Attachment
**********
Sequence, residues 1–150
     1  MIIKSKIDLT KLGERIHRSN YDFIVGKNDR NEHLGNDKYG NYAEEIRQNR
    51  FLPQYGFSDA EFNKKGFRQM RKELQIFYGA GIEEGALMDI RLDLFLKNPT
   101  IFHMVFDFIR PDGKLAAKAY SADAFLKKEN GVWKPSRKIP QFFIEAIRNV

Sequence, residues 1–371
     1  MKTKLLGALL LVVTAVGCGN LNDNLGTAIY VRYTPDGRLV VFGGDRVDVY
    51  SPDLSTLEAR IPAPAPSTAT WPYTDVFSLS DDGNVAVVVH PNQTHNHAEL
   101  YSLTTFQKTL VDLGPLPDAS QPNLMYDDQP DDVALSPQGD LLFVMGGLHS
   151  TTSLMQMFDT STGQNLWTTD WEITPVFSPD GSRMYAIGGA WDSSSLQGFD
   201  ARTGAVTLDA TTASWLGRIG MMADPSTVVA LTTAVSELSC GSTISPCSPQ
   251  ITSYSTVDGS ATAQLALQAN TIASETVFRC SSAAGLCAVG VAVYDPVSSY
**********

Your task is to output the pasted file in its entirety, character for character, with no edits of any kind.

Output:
Sequence, residues 1–150
     1  MIIKSKIDLT KLGERIHRSN YDFIVGKNDR NEHLGNDKYG NYAEEIRQNR
    51  FLPQYGFSDA EFNKKGFRQM RKELQIFYGA GIEEGALMDI RLDLFLKNPT
   101  IFHMVFDFIR PDGKLAAKAY SADAFLKKEN GVWKPSRKIP QFFIEAIRNV

Sequence, residues 1–371
     1  MKTKLLGALL LVVTAVGCGN LNDNLGTAIY VRYTPDGRLV VFGGDRVDVY
    51  SPDLSTLEAR IPAPAPSTAT WPYTDVFSLS DDGNVAVVVH PNQTHNHAEL
   101  YSLTTFQKTL VDLGPLPDAS QPNLMYDDQP DDVALSPQGD LLFVMGGLHS
   151  TTSLMQMFDT STGQNLWTTD WEITPVFSPD GSRMYAIGGA WDSSSLQGFD
   201  ARTGAVTLDA TTASWLGRIG MMADPSTVVA LTTAVSELSC GSTISPCSPQ
   251  ITSYSTVDGS ATAQLALQAN TIASETVFRC SSAAGLCAVG VAVYDPVSSY